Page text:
The state of Delaware said Friday that all Delawareans 18 and older should get a booster dose of COVID-19 vaccine.
Early this week the state also offered guidelines to have a healthy Thanksgiving gathering as the pandemic continues and new cases and hospitalizations creep up slightly.
First, of course, was to be vaccinated. Right now, 60% of eligible Delaware residents are fully vaccinated. That equals 542,663 people.
On Friday, the Federal Drug Administration said anyone vaccinated six months or more ago should get a booster. That’s a change from previous recommendations that only those 65 and older or those who had health issues should get a booster.
Studies show that boosters don’t just top off immunity, but elevate beyond the peaks it had reached before, the state said in a press release.
Boosters were recommended after the Delta variant showed that immunity wanes over time.
“Having this tool in our arsenal can help us in holding off another winter surge that could come with people gathering inside more often as the weather turns colder,” said Dr. Karyl Rattay, director of the Division of Public Health.
Vaccines for first, second, third and booster doses are widely available throughout Delaware at pharmacies, hospitals and more. For more information about how to find one, go to de.gov/getmyvaccine.
The state warned this week that testing and vaccination site hours will change next week for the holiday:
- All Public Health clinics that offer vaccinations will be closed Nov. 25, which is Thanksgiving, and Nov. 26.
- Walgreens will be closed for COVID-testing starting Wednesday, Nov. 24.
- Standing vaccine sites at the Blue Hen Corporate Center in Dover, Canby Park in Wilmington, Georgetown Plaza in Sussex and Oxford/University Plaza in Newark will be closed for vaccinations from Wednesday through the weekend.
- Howver, those sites will be open for testing on Wednesday from 9 a.m. to 6 p.m. and Friday through Sunday from 9 a.m. to 5 p.m. Appointments can be made at de.gov/gettested
- The state COVID-19 Call Center will be closed on Thanksgiving and Black Friday, but will answer e-mails to [email protected] beginning Friday, Nov. 26. The Call Center will resume answering both e-mails and calls to 1-866-408-1899 on Monday, Nov. 29.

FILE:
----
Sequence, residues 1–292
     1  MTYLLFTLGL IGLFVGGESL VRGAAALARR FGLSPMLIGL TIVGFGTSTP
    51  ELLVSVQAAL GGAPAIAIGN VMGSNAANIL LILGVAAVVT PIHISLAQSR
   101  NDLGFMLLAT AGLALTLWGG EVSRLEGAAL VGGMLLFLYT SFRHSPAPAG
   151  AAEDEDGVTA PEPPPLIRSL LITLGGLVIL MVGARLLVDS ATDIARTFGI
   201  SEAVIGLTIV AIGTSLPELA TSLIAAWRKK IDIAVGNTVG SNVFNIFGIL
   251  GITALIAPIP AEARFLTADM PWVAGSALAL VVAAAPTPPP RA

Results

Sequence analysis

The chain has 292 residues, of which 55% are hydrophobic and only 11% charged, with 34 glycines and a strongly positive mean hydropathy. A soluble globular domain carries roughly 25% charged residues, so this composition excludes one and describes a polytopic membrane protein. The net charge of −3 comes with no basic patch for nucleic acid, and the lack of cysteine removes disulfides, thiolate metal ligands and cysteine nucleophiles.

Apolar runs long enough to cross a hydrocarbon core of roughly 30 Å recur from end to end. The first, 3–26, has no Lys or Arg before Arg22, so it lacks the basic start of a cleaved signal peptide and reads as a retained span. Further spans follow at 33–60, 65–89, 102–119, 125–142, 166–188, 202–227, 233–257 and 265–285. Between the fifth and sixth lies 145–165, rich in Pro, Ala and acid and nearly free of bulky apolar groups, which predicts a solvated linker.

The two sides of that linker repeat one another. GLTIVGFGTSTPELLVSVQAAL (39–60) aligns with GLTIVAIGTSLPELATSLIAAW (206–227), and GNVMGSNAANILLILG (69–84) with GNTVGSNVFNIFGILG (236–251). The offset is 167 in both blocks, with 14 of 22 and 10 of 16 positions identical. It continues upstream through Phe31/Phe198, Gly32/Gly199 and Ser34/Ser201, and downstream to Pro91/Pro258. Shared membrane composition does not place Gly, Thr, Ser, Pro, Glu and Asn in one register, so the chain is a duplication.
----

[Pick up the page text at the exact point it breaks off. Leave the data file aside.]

As of Nov. 18, more than 83% of the state’s adult population has received at least one dose of the COVID-19 vaccine, according to CDC data. In contrast, unvaccinated persons continue to drive case rates and hospitalizations.
During the week of Nov. 1 – Nov. 7, 82% of Delaware’s hospitalizations were among unvaccinated and partially vaccinated people, the state said.
Getting children, especially those ages 5 –11 who are newly eligible for the vaccine, vaccinated with their first dose prior to the Thanksgiving holiday is a good way to ensure they are protected, the state said.
The state also recommended people:
- Get tested for COVID-19 before celebrating with multiple households or people from different parts of the country.
- The unvaccinated should be tested before attending events.
- If you have symptoms of COVID-19, or had close contact with someone who has it, stay home. Do not host or attend a gathering.
- Smaller gatherings are better than larger gatherings to enable you to social distance from those who are not vaccinated.
- Wear a face mask. Unvaccinated family members, including children ages 2 years and older, should wear a mask in all indoor public settings. People with a weakened immune system, who are at increased risk for severe disease, should also mask up.
- Communicate COVID-19 ground rules to invited guests, including expectations around testing before or after gathering, vaccination or masking requirements.
- Gather outdoors when possible. Avoid crowded, poorly ventilated spaces. Getting together for a holiday walk, flag football game, picnic, or virtual cocktails are fun alternatives to an indoor sit-down meal.
- Do not travel unnecessarily unless you and your companions are fully vaccinated.
Betsy Price is a Wilmington freelance writer who has 40 years of experience.
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